The Sunday Project

Whoever Serves Me Must Follow Me

Fifth Sunday of Lent |

By Teresa
protestor holding sign that says "enough"
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First Reading
Jer 31:31-34

The days are coming, says the LORD, when I will make a new covenant with the house of Israel and the house of Judah. It will not be like the covenant I made with their fathers the day I took them by the hand to lead them forth from the land of Egypt; for they broke my covenant, and I had to show myself their master, says the LORD. But this is the covenant that I will make with the house of Israel after those days, says the LORD. I will place my law within them and write it upon their hearts; I will be their God, and they shall be my people. No longer will they have need to teach their friends and relatives how to know the LORD. All, from least to greatest, shall know me, says the LORD, for I will forgive their evildoing and remember their sin no more.

Second Reading
Heb 5:7-9

In the days when Christ Jesus was in the flesh, he offered prayers and supplications with loud cries and tears to the one who was able to save him from death, and he was heard because of his reverence. Son though he was, he learned obedience from what he suffered; and when he was made perfect, he became the source of eternal salvation for all who obey him.

Gospel Reading
Jn 12:20-33

Some Greeks who had come to worship at the Passover Feast came to Philip, who was from Bethsaida in Galilee, and asked him, “Sir, we would like to see Jesus.” Philip went and told Andrew; then Andrew and Philip went and told Jesus. Jesus answered them, “The hour has come for the Son of Man to be glorified. Amen, amen, I say to you, unless a grain of wheat falls to the ground and dies, it remains just a grain of wheat; but if it dies, it produces much fruit. Whoever loves his life loses it, and whoever hates his life in this world will preserve it for eternal life. Whoever serves me must follow me, and where I am, there also will my servant be. The Father will honor whoever serves me.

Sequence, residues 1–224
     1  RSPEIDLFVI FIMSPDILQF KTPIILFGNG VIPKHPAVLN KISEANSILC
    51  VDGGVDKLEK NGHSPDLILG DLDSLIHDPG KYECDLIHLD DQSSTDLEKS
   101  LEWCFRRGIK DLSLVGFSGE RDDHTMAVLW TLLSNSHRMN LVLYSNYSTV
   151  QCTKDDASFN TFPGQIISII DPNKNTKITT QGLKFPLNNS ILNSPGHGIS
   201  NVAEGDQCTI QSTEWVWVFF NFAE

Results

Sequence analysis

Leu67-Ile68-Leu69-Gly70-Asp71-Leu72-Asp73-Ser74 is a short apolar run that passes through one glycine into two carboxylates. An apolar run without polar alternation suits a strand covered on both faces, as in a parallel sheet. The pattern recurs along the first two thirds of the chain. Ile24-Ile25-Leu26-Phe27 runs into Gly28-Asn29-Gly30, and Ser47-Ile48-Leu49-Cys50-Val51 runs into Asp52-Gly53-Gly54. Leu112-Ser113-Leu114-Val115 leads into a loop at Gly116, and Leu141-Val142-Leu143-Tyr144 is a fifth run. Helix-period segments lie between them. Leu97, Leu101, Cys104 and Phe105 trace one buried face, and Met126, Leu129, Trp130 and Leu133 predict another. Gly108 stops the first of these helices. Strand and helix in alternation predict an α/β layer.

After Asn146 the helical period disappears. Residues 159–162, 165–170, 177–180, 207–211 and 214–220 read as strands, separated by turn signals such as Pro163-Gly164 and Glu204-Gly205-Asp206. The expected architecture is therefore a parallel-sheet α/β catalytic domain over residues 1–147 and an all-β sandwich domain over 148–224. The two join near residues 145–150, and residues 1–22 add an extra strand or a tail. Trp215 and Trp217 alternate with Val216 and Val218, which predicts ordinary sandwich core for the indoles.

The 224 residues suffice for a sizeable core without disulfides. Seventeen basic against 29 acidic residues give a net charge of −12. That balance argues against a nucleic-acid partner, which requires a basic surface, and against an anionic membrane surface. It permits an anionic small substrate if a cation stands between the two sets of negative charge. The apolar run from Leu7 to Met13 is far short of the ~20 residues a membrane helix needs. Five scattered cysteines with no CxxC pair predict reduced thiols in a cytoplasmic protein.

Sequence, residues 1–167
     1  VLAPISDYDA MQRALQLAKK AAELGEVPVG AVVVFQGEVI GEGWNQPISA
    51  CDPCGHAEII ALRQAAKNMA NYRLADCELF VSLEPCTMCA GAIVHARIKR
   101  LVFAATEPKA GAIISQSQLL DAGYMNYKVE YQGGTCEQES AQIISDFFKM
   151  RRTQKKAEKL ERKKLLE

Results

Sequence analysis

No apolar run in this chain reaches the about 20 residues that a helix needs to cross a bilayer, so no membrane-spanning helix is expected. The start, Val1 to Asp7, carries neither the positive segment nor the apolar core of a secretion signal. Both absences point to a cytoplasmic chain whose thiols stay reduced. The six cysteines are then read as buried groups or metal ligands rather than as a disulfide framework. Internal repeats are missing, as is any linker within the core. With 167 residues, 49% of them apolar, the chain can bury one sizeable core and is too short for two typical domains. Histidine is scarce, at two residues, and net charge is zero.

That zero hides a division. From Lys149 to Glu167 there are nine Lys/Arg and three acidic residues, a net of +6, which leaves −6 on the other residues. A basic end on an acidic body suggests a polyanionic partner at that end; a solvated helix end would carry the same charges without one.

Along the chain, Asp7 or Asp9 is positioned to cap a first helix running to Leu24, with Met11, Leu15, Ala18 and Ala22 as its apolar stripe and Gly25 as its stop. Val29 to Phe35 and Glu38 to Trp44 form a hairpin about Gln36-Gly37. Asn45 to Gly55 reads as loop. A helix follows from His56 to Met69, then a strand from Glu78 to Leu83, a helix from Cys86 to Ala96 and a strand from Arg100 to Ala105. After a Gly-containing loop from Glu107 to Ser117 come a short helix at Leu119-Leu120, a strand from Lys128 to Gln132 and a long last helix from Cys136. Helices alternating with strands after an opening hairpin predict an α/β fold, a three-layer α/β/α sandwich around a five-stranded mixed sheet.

“I am troubled now. Yet what should I say? ‘Father, save me from this hour’? But it was for this purpose that I came to this hour. Father, glorify your name.” Then a voice came from heaven, “I have glorified it and will glorify it again.” The crowd there heard it and said it was thunder; but others said, “An angel has spoken to him.” Jesus answered and said, “This voice did not come for my sake but for yours. Now is the time of judgment on this world; now the ruler of this world will be driven out. And when I am lifted up from the earth, I will draw everyone to myself.” He said this indicating the kind of death he would die.

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Now is the time.

“Now is the time of judgement on this world, now the ruler of this world will be driven out.” (John 12:31)

Too often we look to a vague, distant future when we talk about the end of marginalization and poverty, the inclusion of all in families and communities, and the installment of ways of living and being based on solidarity and love. The time to bring about this kingdom of God is now.

It’s time to drive out the falsehoods and evils that rule this world. It’s time to stop fueling the queerphobia and patriarchy that led the Congregation of the Doctrine of the Faith to reiterate the Church’s refusal to bless same sex unions. It’s time to crush the racism and misogyny that made possible the mass murder of six Asian women in Atlanta. Dividing and dominating the children of God is only leading to trauma and death.

To drive out these rulers we must follow Jesus, we must serve the Lord. We must renounce all false gods – white supremacy, cissexism and heterosexism and patriarchy, nationalism, ableism, the exploitation of labor – and reorient our lives accordingly.

In serving the Lord in this way, we have to relinquish the safety we’ve created at the expense of others. We have to give up the privileges we’ve built on other people’s backs. We have to return the wealth that was only able to enrich us because it was stolen from someone else.

We have to let those things die.

It’s hard, it’s uncomfortable. It’s painful to confront family and friends who relentlessly share discriminatory attitudes. It’s time consuming to organize communities of solidarity, to build political power. It’s humbling to pay restitution and reparations, to give back land, to admit institutional discrimination was wrong and watch the subsequent sea change.

And yet, we’re called not to ask God to allow us to bypass this work, but rather engage in it with all our being to glorify God’s name. We’re called to teach transgressors the ways of God, to be a grain of wheat that bears much fruit, to both experience and bring about profound transformation.

When God created the new covenant of Christ, God promised to place God’s law within us and write it upon our hearts. Deep down, we know how to do this. We can co-create God’s kingdom. We can birth anew the life and abundance and joy that is promised to us all.

Now is the time. Jesus is drawing everyone to himself. Lay everything else down, everything, and follow him.